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News : Supreme Court Unveils Landmark Verdict: Unlocking Property Rights for Children Born in Live-In Relationships!

Supreme Court Grants Rights to Children of Live-in Couples for Ancestral Property

In a recent case of KATTUKANDI EDATHIL KRISHNAN & ANR. vs KATTUKANDI EDATHIL VALSAN & ORS., the Supreme Court has made a significant ruling. Here’s what you need to know:

  • Property Dispute: The case revolved around a property dispute in Kerala, India.
  • Kerala High Court’s Decision: In 2009, the Kerala High Court denied ancestral property rights to the son of a man and woman living in a live-in relationship.
  • Supreme Court’s Decision: The Supreme Court overturned the Kerala High Court’s decision and stated that the son cannot be deprived of the right to inherit ancestral property.
  • Parties Involved: The property in question belonged to Kattukandi Idhatil Colonel Vaidyar, and his four sons were Damodaran, Achyutan, Shekaran, and Narayan.
  • Petitioner and Respondent: The petitioner claimed to be Damodaran’s son, while the respondent, Karunakaran, claimed to be Achuthan’s son. Shekharan and Narayan passed away unmarried.
  • Claim and Argument: Karunakaran argued that the petitioner’s mother never married Damodaran, making him an illegitimate child who should not have rights to the property.
  • Trial Court’s Verdict: The trial court, considering Damodaran and Chiruthakutty had lived together for a long time, assumed their marriage and divided the property into two parts.
  • Kerala High Court’s Ruling: The Kerala High Court found no evidence of Damodaran and Chiruthakutty’s long-term cohabitation and declared the petitioner as Damodaran’s son but not a legitimate child entitled to the property.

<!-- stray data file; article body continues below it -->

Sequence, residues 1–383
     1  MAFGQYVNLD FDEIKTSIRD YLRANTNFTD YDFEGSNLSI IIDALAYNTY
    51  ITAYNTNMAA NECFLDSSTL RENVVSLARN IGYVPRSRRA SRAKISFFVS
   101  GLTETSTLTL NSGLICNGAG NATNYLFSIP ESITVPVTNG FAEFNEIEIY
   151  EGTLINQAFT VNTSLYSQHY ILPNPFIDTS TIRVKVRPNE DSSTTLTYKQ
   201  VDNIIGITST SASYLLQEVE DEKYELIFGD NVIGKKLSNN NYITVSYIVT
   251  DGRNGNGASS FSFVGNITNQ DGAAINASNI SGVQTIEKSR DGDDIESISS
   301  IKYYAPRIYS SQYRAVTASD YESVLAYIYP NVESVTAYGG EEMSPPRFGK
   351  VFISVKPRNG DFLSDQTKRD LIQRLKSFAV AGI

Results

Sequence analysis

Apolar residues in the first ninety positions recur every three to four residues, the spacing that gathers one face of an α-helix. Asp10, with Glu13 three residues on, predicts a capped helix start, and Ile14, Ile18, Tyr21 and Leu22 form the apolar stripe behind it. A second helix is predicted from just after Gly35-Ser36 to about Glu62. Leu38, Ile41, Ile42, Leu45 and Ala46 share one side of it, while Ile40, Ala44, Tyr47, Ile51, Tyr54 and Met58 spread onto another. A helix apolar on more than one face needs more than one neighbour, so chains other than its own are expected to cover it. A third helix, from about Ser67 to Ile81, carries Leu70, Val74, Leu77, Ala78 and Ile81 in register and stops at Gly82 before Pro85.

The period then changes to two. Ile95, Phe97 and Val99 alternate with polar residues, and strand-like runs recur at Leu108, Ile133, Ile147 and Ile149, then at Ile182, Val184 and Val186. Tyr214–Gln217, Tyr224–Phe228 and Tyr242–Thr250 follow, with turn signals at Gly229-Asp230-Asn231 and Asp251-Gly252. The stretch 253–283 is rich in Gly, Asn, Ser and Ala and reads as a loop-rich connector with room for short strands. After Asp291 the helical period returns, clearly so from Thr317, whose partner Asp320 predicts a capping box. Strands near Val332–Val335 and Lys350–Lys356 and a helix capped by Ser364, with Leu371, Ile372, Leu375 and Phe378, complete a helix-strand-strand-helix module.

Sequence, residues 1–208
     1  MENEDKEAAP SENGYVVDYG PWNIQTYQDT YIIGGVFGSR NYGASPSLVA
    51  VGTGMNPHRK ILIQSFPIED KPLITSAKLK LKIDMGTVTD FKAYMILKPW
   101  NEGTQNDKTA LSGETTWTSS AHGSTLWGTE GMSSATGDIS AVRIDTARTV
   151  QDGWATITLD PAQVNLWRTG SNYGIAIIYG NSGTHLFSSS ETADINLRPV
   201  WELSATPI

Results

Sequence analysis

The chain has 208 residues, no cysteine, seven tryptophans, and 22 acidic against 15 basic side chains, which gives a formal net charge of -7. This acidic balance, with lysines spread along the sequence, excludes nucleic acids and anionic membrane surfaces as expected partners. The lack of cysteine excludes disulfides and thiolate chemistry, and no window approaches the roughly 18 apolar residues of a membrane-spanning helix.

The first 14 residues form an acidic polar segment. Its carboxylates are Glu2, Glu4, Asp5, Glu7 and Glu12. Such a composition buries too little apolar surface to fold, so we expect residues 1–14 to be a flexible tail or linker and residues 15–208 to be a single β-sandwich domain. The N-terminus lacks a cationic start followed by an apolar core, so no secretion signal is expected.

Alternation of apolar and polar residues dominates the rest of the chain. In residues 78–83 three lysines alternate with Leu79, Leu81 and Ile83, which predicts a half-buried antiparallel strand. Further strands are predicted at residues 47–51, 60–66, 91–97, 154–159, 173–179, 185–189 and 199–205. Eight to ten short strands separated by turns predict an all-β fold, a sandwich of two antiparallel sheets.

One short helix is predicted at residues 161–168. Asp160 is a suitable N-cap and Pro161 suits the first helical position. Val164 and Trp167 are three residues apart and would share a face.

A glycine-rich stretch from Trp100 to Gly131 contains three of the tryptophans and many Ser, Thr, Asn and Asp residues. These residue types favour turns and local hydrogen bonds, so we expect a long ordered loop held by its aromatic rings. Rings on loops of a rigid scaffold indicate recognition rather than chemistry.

• Supreme Court’s Decision: The Supreme Court observed that Damodaran and Chiruthakutty had lived together as husband and wife for a considerable period. It cited Section 114 of the Evidence Act, allowing such assumptions. However, the presumption could be disproved by proving that marriage didn’t take place despite the long-term cohabitation.
  • Consequences of the Decision: While live-in relationships are legal in India, children born in such relationships were previously denied rights to ancestral property. With the Supreme Court’s ruling, children born to live-in couples will now have equal rights to ancestral property.
  • Ancestral Property: Ancestral property refers to inherited property. If a person dies without a will, their heirs have equal rights to ancestral property.
  • Rights of Heirs: Both the Hindu Succession Act and the Indian Succession Act apply to this case. Hindu male heirs now have equal rights to ancestral property, and selling ancestral property without the heirs’ consent is prohibited.
  • Equal Rights for Sons and Daughters: Before 2005, only sons had rights to ancestral property, but now daughters have equal rights. For example, a grandson will have a rightful claim to the property.
  • Legal Implications: This decision by the Supreme Court brings a significant change in the inheritance rights of children from live-in relationships, ensuring equal entitlement to ancestral property.

With this ruling, the Supreme Court has expanded the rights of children in live-in relationships, enabling them to inherit ancestral property on an equal footing.

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